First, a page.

DB2 Tracking Database Changes
December 9, 2004
Database security is no longer something that should be implemented, but is something that every serious company must have, to bring a certain level of reassurance to their clients. A DB2 DBA should know what is going on in his database. In addition, he should have a log of actions performed inside the DB2 database, for later tracking and problem solving. The DB2 audit trace record is a unique source of information, which can be retroactively queried if fraud is suspected or if individuals wish to know how their information was used. Another reason for beginning audit practices are common DB2 database security vulnerabilities that most attackers are familiar with, such as default DB2 usernames and passwords, default authentication settings or security holes inside the latest DB2 Fix Packs. In part one of this series, I explain the DB2 Audit utility, which I have been using for tracking and documenting database schema modifications. The second article will demonstrate a working example of creating a schema modification log.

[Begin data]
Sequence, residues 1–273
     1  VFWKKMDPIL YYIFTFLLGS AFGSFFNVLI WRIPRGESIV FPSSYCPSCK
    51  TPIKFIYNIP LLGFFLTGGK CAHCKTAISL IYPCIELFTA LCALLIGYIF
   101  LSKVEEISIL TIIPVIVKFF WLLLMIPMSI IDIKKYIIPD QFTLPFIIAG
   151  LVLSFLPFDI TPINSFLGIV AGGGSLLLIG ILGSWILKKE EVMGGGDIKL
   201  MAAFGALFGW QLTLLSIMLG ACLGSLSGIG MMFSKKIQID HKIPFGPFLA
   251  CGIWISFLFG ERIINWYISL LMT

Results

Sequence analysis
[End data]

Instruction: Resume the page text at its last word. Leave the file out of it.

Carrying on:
This article covers:
The database audit facility is used for recording and tracking all of the regular database changes and usages or attempts of database misuse. The audit information is collected in the database audit trail (audit log), according to predefined database events. The audit facility acts on the instance level, collecting audit information about the instance and the database. In DB2 multipartition (UDB EEE) environments, all the local audit events are collected separately at the acting partition and afterwards merged in the global instance level audit log, "db2audit.log." The audit configuration parameters are saved in the db2audit.cfg file, located in the instance security directory, "security."Listing 1:Audit files location
The instance security directory is created together with the DB2 instance and the instance owner has read/write permissions.
The audit information is collected by the audit service in the audit buffer and then regularly flushed out to the disk. The audit buffering mechanism is, by default, disabled so that the audit records are written directly to the disk. The audit engine is implemented as a regular UNIX process and is independent from the database instance activity. The audit facility is fully independent of the DB2 instance status. Stopping or starting the DB2 instance does not change the audit status. The audit facility is running continually, collecting data in the audit log. The resulting log file, (db2audit.log), is managed by the db2audit administrative tool and a user with SYSADM authority/privileges.
AUDIT_BUF_SZ - audit buffer sizeListing 2: DBM Parameter -audit buffer size
The AUDIT_BUF_SZ is the only audit parameter, and is used to audit the buffer size definition. The audit buffer is used for the accumulation of audit entries, from which the audit record is periodically flushed out to the disk. The default audit buffer size is 0KB, forcing the DB2 engine to write audit data directly to disk without buffering.